Jake Talbot's decision to wear a pro-Donald Trump shirt while publicly exercising has renewed a debate about the role of politics in health clubs—one whose scope has grown far beyond Talbot's Troy, Missouri, health club and even garnered the attention of The Washington Post.
On Jan. 20, Talbot, a U.S. Army veteran, wore a Trump campaign T-shirt to his local health club, CDY Fitness, where he has been a member for eight years, according to a report by KCTV 5. During Talbot's workout, club owner Liz Drew approached him and privately asked him to remove the shirt because she said it was offensive. Talbot maintains he had worn the shirt to the club many times before.
“I said it could be construed as racist and several of my members had complained about feeling uncomfortable when he wore that,” Drew told the Post, noting that she would have said the same to someone wearing apparel that supported a different politician or cause.
“There’s nothing wrong with the shirt, there’s nothing vulgar,” Talbot told The Post. “It’s just a supportive shirt, for who I’m supporting. I would never tell anybody else, I would never turn anyone away from anything because of their beliefs, their religion, their opinions, anything.”
Numerous lawyers have commented on the matter, explaining that Drew, as the owner of a private business, was within her rights to ask Talbot to remove the shirt.
However, Drew's effort to keep her club free of politics has achieved a seemingly ironic result. She has since received numerous angry phone calls at CDY Fitness, even one in which an anonymous caller declared her a "Nazi," she told the Post. Drew even deleted the club's Facebook page due to a recent influx of negative messages.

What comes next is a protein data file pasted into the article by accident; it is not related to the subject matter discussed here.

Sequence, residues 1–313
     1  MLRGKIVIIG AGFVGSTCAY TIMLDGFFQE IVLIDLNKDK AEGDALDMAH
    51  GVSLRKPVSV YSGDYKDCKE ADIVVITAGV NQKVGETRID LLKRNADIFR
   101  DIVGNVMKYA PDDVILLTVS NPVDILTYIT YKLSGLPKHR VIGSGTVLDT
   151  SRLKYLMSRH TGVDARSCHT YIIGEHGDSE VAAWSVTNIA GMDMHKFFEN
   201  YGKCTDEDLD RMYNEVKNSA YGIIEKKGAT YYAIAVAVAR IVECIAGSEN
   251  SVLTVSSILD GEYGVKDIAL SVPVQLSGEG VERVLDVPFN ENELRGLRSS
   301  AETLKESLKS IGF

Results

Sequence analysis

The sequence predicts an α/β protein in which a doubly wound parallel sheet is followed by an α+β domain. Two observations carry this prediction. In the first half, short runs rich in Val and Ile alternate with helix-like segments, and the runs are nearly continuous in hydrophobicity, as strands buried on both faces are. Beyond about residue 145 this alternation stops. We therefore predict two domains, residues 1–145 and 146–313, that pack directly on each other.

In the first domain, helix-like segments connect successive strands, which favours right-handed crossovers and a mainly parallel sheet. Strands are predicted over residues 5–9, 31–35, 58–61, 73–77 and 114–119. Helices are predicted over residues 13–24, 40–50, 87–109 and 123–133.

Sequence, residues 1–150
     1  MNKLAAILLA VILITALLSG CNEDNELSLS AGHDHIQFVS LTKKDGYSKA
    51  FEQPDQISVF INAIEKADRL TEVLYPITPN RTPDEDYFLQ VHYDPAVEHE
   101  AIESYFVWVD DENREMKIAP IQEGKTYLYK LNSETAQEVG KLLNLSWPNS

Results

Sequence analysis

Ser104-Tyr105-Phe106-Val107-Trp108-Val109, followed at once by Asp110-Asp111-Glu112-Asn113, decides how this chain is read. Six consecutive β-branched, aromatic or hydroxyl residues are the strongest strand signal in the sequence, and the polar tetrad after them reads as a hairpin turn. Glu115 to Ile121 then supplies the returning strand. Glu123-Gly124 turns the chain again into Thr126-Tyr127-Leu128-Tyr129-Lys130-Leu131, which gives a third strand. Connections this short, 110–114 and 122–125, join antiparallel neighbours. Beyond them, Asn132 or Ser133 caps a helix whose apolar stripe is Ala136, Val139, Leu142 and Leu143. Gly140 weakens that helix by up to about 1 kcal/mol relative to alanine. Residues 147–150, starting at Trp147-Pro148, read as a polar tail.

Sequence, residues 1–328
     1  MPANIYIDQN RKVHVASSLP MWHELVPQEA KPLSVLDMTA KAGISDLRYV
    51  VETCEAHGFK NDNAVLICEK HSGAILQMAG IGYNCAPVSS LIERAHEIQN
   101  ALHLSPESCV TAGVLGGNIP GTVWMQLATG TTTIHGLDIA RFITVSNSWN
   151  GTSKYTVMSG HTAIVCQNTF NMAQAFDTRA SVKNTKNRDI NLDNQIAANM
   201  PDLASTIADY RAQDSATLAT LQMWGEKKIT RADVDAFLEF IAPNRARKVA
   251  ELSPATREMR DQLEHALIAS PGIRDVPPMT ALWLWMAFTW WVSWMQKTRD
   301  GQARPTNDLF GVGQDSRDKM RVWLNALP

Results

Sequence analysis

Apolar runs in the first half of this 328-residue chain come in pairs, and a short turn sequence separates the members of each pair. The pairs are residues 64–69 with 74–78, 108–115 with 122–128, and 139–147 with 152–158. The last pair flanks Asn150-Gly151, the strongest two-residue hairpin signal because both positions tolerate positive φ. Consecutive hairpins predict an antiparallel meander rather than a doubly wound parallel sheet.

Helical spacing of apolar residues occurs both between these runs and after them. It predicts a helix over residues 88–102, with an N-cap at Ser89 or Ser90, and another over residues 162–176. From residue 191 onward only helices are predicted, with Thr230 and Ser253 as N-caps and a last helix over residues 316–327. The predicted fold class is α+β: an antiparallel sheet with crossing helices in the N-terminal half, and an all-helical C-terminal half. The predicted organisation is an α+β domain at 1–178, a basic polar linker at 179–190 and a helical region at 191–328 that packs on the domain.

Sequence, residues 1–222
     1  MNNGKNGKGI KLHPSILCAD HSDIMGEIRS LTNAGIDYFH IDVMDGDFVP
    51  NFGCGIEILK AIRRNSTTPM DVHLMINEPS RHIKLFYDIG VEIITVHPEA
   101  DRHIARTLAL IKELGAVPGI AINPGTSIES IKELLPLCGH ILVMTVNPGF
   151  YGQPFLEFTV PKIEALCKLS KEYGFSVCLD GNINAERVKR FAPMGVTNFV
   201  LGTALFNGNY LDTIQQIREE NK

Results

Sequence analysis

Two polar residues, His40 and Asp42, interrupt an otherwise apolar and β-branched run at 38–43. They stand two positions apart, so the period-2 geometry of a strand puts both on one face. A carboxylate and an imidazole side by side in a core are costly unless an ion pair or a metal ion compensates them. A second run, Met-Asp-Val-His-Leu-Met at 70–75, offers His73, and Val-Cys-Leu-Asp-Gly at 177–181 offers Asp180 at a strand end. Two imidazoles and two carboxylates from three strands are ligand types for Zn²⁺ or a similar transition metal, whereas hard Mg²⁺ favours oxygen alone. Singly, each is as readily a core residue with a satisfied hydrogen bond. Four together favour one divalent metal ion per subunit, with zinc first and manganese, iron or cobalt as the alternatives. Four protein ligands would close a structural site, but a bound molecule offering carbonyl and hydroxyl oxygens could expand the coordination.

Talbot posted a video about the incident to his personal Facebook page, and it has since received hundreds of comments. He told the Post he has also been offered free club memberships in Florida and Texas.
Is this private-turned-public debate healthy and natural? Or is it a symptom of a larger, deep-rooted divisiveness that is now impacting the health club industry?
On Jan. 22, three days before the end of the longest government shutdown in U.S. history, Bahram Akradi, chairman and CEO of Life Time, Chanhassen, Minnesota, published an open letter that asked Americans to compel their elected officials “to focus on what is best for our citizens and our country.”
Akradi’s letter states: “I hope fellow business and community leaders also will join me in asking all politicians and the media to halt the ongoing blame game and, instead, focus on balanced, intellectual, and respectful discussions that address the important issues facing our country. We need to be the United States of America, not the Divided States of America. Only as a united nation will we solve the real problems we face right here at home, while positively influencing the world around us.”
Akradi’s philosophy permeates throughout his health clubs as well. Life Time, who ranked second on Club Industry's revenue-based Top 100 Health Clubs of 2018 list, made headlines in January 2018 when the health club company announced it would no longer show cable news channels on TVs at its 100-plus North American clubs. This new policy meant trading CNN, FOX, MSNBC and CNBC programming for shows on USA, A&E, Discovery, HGTV and ESPN.
In December 2018, Life Time spokeswoman Natalie Bushaw told Club Industry the ban is, in fact, not a "ban" but a culture-oriented policy that would continue throughout 2019.
"Life Time made the decision to remove cable opinion networks from our large TV screens in the cardio and fitness floor areas in January 2018," she told Club Industry. "It was not—and is not—a ban, rather a conscious decision with our healthy way of life philosophy in mind and commitment to provide an environment free of politically charged content. One year later, we stand by this decision and the positive influence it’s had upon our environments and the positive experience we aim to provide our members."
Numerous YMCAs also began banning cable news from their facility TVs as early as 2017.